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Lawskills.com Georgia Caselaw
CHRISTIAN v. THE STATE.
A00A0888.
BLACKBURN, Presiding Judge.
D.U.I. Cobb State Court. Before Judge McDuff.
Following a jury trial, Dax Christian appeals his conviction of driving under the influence to the extent that he was a less safe driver, OCGA 40-6-391. Christian contends the trial court erred by: (1) failing to grant him a continuance; (2) permitting evidence of similar transactions; and (3) allowing the State's peremptory strike of a juror to stand. For the reasons set forth below, we affirm.
1. On the day of trial, Christian sought a ten-day continuance because the State had not complied with the misdemeanor discovery statute, OCGA 17-16-20 et seq. Specifically, Christian complained that the State had failed to provide a videotape and the field sobriety evaluation sheet in response to Christian's discovery request. The trial court denied the request for a continuance.
All applications for continuances are addressed to the sound legal discretion of the court and, if not expressly provided for, shall be granted or refused as the ends of justice may require. OCGA 17-8-22. Such grant or denial of a continuance will not be disturbed absent a showing of an abuse of discretion.
Chung v. State, 240 Ga. App. 394, 396-397 (3) (523 SE2d 615) (1999). We find no such abuse of discretion here.
On March 5, 1999, Christian served a discovery request pursuant to OCGA 17-16-20 et seq. The State responded on March 8, 1999, and identified a videotape which was available for counsel's review. The State also provided a copy of the arresting officers' report which stated that "Mr. Christian failed some of all of the field evaluations." However, the State did not provide the actual field sobriety evaluation sheet. Christian's counsel first saw the video and the field sobriety evaluation sheet on June 3, 1999, the day of trial.
The trial court determined that the video had been made available; that there was no exculpatory information in the omitted field sobriety evaluation; and that there was nothing contained on the evaluation sheet that defense counsel would not have anticipated. The trial court further stated that if new information did come to light, Christian would be given time to consider his position. Christian has not shown that he was harmed by the trial court's failure to grant a continuance, and we find no abuse of discretion under these circumstances. See Downs v. State, 240 Ga. App. 740, 741 (2) (524 SE2d 786) (1999); Byron v. State, 229 Ga. App. 795, 796 (3) (495 SE2d 123) (1997).
2. Christian enumerates as error the trial court's admission of similar transactions into evidence, arguing that the State's notice to present the evidence was untimely and that the prior offense was introduced to raise an improper inference as to his character.
With regard to the timeliness of the notice, Christian's contention is meritless. Pursuant to Uniform Superior Court Rule 31.1, "[n]otices of the state's intention to present evidence of similar transactions or occurrences . . . shall be given and filed at least ten (10) days before trial." Here, the State timely notified Christian of its intent to present similar transaction evidence on March 26, 1999, almost ten weeks before trial. Bryant v. State, 226 Ga. App. 135, 138 (3) (486 SE2d 374) (1997).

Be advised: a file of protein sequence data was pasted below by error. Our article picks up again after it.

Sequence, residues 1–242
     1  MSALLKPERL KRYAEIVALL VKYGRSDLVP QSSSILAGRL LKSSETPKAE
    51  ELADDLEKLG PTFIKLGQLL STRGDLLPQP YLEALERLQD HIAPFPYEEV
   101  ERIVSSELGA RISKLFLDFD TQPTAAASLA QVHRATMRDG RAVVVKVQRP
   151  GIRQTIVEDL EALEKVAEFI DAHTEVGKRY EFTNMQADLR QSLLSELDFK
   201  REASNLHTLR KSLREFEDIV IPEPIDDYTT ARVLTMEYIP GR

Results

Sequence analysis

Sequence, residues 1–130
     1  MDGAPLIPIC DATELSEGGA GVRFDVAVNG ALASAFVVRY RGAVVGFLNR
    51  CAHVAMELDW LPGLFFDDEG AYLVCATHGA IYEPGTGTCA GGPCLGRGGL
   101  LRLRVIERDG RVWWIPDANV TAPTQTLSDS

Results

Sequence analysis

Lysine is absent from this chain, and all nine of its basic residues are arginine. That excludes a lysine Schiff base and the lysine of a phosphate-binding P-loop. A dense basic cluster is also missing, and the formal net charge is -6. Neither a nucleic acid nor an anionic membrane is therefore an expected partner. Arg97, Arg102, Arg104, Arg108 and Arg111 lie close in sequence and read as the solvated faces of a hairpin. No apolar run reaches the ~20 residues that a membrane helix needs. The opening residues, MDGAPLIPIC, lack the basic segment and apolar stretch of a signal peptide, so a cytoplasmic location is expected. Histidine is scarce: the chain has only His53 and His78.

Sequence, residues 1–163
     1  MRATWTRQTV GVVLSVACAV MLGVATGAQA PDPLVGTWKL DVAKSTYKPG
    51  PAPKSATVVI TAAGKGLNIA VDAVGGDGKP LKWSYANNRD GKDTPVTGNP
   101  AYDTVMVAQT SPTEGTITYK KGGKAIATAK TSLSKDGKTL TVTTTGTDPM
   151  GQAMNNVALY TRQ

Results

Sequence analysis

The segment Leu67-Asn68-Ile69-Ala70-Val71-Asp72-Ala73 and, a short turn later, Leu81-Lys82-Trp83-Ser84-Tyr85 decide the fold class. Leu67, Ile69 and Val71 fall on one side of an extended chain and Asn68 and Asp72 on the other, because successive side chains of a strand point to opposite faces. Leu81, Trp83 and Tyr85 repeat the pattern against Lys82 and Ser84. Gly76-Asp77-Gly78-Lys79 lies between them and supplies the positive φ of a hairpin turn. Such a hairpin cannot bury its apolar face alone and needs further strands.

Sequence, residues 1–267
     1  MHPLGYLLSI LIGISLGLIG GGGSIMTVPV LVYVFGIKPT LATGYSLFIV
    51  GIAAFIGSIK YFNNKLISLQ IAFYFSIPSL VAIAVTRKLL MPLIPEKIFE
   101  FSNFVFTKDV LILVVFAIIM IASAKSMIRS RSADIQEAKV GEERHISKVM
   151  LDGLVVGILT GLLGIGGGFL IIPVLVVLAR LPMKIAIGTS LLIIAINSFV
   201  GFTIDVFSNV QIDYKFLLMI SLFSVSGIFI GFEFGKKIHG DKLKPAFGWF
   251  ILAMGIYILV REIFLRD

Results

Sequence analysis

With regard to the admissibility of the similar transaction, the prior incident was a per se violation of the DUI law which the State sought to admit as evidence of course of conduct or bent of mind.
Evidence of a prior DUI offense, regardless of the circumstances surrounding its commission, is logically connected with a pending DUI charge as it is relevant to establish that the perpetrator has the bent of mind to get behind the wheel of a vehicle when it is less safe for him to do so.
(Punctuation omitted.) Sisson v. State, 232 Ga. App. 61, 66 (3) (b) (499 SE2d 422) (1998). The trial court did not err in its determination that the prior DUI was more probative than it was prejudicial.
3. Christian contends that the trial court erred in overruling his objection to the State's peremptory strike of an African-American juror pursuant to Batson v. Kentucky, 476 U. S. 79 (106 SC 1712, 90 LE2d 69) (1986).
To evaluate claims that the state or defendant used peremptory challenges in a racially discriminatory manner, the trial court must engage in a three-step process. The opponent of a peremptory challenge must make a prima facie showing of racial discrimination; the burden of production shifts to the proponent of the strike to give a race-neutral reason for the strike; the trial court then decides whether the opponent of the strike has proven discriminatory intent.
(Footnotes omitted.) Chandler v. State, 266 Ga. 509, 510 (2) (467 SE2d 562) (1996).
In this case, the State used one of its peremptory strikes against the only African-American member of the jury panel, and Christian raised a Batson objection. The State explained that it struck the juror because the juror had spoken about a friend who was arrested for DUI, and the juror believed that his friend was not impaired and had been treated unfairly.
The trial court found this reason to be sufficiently race-neutral. We give great deference to these findings of the trial court. Horne v. State, 237 Ga. App. 844 (517 SE2d 74) (1999). Based on the record, we cannot say that the trial court erred in overruling Christian's Batson objection. Our Supreme Court has previously found that such a strike, based on a prospective juror's relationship with people who have been in trouble with the law, was race-neutral. Hall v. State, 261 Ga. 778, 779 (2) (415 SE2d 158) (1991).
Barry E. Morgan, Solicitor, Jessica K. Moss, Lawton W. Scott, Assistant Solicitors, for appellee.
Albertelli & Israel, James E. Albertelli, for appellant.
DECIDED JUNE 29, 2000.
Thursday May 21 01:48 EDT


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